~ Sri Aurobindo, CWSA, Vol. 29, p. 129

Think Less of Yourself

As for the inconveniences, you should take them as a training in samatā. To be able to bear inconveniences is one of the most elementary necessities if one wants to enter into the true spirit of Yoga.


The proper thing is to see all with an unmoved calm, both the “good” and “bad”, but as a movement of Nature on the surface. But to do this truly without error or egoism or wrong reactions needs a consciousness and knowledge that is not personal and limited.


If you want to have knowledge or see all as brothers or have peace, you must think less of yourself, your desires, feelings, people’s treatment of you, and think more of the Divine—living for the Divine, not for yourself.

~ CWSA, Vol. 31, p. 313

Let Nothing Disturb

To become entirely indifferent to the good and bad opinion of others, especially those who are or were near, and stand on the Truth alone is very difficult; some reaction of the old nature can easily come across; but if one remains calm and firm within, these surface reactions quickly disappear and their rejection helps the remnants of the old nature to disappear.


If you look closely, you will see that all these things—the rudeness of one, the anger of another—are exceedingly slight things which should be received with indifference. Do not allow them to trouble you so much.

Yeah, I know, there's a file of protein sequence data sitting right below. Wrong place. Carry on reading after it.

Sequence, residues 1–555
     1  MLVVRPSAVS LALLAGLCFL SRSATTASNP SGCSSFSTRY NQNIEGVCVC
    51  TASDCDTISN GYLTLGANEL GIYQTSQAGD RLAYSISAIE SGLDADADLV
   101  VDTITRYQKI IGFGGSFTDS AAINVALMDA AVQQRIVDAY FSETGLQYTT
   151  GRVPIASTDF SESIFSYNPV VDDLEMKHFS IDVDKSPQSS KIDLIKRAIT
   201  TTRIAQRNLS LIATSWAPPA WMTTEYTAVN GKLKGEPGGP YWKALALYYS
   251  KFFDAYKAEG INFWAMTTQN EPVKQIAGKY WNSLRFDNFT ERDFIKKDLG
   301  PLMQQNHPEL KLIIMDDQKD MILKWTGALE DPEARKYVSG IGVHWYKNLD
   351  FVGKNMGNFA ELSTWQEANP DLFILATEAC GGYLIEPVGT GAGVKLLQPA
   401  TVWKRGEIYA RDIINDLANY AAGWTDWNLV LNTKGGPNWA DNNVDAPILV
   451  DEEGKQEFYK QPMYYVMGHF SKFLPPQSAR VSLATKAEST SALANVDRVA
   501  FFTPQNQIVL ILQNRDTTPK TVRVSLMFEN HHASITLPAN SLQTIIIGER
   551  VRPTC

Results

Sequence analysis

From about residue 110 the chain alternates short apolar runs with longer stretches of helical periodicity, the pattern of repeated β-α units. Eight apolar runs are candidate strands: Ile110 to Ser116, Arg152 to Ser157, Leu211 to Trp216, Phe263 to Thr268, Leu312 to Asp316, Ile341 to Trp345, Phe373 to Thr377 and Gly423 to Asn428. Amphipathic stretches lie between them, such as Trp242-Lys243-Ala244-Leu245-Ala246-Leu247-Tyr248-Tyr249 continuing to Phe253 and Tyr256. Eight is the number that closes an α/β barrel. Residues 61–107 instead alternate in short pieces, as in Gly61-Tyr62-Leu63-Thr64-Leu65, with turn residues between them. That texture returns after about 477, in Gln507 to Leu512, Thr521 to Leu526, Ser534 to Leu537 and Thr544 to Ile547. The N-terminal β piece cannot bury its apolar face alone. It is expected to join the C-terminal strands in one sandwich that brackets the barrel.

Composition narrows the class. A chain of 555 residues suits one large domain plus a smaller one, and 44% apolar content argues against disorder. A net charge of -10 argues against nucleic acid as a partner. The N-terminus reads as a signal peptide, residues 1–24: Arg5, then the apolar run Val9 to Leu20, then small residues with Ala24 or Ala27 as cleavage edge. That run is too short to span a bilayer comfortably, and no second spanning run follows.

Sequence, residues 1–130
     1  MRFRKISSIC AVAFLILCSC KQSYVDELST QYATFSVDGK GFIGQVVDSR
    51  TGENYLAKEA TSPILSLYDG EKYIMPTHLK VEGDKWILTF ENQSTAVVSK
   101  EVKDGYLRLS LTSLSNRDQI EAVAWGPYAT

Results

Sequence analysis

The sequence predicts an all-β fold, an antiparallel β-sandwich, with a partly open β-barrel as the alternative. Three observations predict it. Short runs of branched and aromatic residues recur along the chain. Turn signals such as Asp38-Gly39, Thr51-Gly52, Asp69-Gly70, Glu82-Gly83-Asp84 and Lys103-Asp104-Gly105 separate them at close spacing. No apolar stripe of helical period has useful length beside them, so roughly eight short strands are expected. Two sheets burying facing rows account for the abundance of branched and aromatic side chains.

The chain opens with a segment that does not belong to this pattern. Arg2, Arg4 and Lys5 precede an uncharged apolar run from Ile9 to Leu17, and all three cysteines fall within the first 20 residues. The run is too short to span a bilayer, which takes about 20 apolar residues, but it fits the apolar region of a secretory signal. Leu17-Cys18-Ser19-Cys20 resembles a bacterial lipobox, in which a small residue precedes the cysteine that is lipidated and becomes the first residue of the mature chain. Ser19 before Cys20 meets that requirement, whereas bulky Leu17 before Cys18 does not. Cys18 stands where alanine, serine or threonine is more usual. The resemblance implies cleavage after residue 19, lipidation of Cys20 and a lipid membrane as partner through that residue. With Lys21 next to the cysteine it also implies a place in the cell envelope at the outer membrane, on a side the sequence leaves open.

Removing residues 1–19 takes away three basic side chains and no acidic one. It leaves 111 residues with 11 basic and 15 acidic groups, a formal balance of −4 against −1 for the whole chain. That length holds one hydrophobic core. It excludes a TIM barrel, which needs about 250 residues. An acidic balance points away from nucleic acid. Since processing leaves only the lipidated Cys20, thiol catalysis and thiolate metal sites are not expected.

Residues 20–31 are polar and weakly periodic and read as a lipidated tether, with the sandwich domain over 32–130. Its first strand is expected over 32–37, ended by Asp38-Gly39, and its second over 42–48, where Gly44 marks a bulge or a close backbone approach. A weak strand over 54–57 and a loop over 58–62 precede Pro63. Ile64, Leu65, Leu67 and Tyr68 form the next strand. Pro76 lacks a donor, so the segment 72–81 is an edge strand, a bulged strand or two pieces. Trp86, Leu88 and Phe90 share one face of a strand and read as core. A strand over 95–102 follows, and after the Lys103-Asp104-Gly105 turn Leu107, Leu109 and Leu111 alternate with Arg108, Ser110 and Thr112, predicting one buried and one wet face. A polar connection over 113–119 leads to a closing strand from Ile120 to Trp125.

The one thing of supreme importance is your sadhana and your spiritual growth. Let nothing touch or disturb that.


It is not good to allow yourself to be upset so much by what others say or do. . . There is a quietude and happiness which you can find by living in yourself in contact with the Divine which you will never get from outside.


. . . it is certainly always possible to get a lowering of consciousness from someone who is always gossiping or talking of her fears and difficulties. As for being kind, there is nothing harmful in kindness itself, but there is no reason why you should allow another to invade you with things you don’t want to feel or hear.

There is a measure in all things—and besides one should keep oneself inwardly free and not admit that the vital movements of others should be a cause of difficulties—one has enough to do combating one’s own.

~ Sri Aurobindo, CWSA, Vol. 31, pp. 314-315

The Yoga cannot be done if equality is not established.

Personal relations must be founded on the relation with the Divine in himself and the Divine in all and they must not be “ties” to pull one down and keep bound to the lower nature but part of the higher unity.